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The above picture is our first glimpse of Olivia following her surgery, recovering in the NICU. 

She needed to be on “bowel rest”- which meant no tube feeding/no food in her tummy until they could be sure the stoma was functioning properly. This was an anxious time for a parent of an extreme low birth weight infant- doesn’t she need food to grow??? She received all nutrition through her IV while we awaited the first “poo” in her ostomy bag before she could get the go ahead to resume tube feeding.

I would spend half my day at Mount Sinai with Evelyn, the other half at SickKids, and try to get a couple hours with my toddler in the evening. Before heading to bed each night we could call each NICU for an update, asking the night nurses “did Olivia poo yet?!”. (Not how I pictured my first few days with my new babes, but it was what it was.) We were told this could take over a week sometimes, but luckily after three days her stoma began to function (I.e. output stool in her bag, poo in the poo bag!). We would now start our long journey to heal from surgery, gain weight, and get home…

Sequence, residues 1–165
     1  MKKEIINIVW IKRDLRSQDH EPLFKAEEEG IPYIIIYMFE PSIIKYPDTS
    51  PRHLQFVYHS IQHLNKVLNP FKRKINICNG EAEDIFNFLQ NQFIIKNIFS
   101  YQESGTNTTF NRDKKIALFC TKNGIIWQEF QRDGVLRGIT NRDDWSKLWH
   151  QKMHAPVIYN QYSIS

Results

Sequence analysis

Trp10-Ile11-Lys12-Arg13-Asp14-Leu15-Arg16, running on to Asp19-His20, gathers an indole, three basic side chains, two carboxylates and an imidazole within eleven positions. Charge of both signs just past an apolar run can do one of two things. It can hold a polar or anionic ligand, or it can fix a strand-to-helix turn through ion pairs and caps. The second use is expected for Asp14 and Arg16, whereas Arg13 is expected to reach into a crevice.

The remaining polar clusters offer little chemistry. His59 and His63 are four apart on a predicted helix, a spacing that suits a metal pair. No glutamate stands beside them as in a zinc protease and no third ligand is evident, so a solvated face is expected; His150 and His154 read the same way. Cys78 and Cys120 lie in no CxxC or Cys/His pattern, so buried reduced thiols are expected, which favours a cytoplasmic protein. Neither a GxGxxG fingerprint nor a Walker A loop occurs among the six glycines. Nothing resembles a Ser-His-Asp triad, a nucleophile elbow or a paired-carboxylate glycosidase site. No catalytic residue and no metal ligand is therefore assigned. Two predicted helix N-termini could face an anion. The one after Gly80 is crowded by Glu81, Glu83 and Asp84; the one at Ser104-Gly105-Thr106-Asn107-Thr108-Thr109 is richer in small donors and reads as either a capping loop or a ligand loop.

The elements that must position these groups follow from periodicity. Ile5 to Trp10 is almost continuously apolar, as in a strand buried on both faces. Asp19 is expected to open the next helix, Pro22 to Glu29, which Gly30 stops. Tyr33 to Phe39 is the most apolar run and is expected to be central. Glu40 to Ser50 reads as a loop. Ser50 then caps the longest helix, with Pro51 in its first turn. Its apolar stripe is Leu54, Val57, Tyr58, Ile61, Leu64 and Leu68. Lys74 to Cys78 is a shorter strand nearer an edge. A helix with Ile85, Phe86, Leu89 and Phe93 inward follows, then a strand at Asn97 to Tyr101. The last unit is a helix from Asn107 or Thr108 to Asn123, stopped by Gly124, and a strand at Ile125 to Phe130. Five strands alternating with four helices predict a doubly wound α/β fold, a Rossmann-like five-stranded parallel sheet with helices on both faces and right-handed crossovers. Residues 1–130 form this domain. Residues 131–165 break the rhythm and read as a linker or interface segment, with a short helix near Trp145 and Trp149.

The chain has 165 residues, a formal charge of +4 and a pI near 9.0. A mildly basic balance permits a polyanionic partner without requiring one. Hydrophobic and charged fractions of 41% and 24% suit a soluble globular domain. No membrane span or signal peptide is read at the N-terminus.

Fastforward to now- she is home, still with the ostomy bag that I am ultimately responsible for maintaining, changing and caring for. She is due to have the ostomy reversed (or reattached) this fall. It is functioning really well for her right now and it provides lots of play inspiration for the toddler. I think she may even tell the babes apart right now based on which one has the “poo bag”. She is endlessly fascinated with it, but at the same time it is completely normal now and just a part of our daily lives.

Who would’ve thought?

Next week, I’ll rewind and start this story from the beginning- Our Twin to Twin Transfusion diagnosis and crazy in-utero surgery at 18 weeks of pregnancy (in-utero photos of babies included!).

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Above, Olivia almost 4 weeks post surgery, ‘poo bag’ tucked into her diaper…

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Dolly, with ostomy bag… lol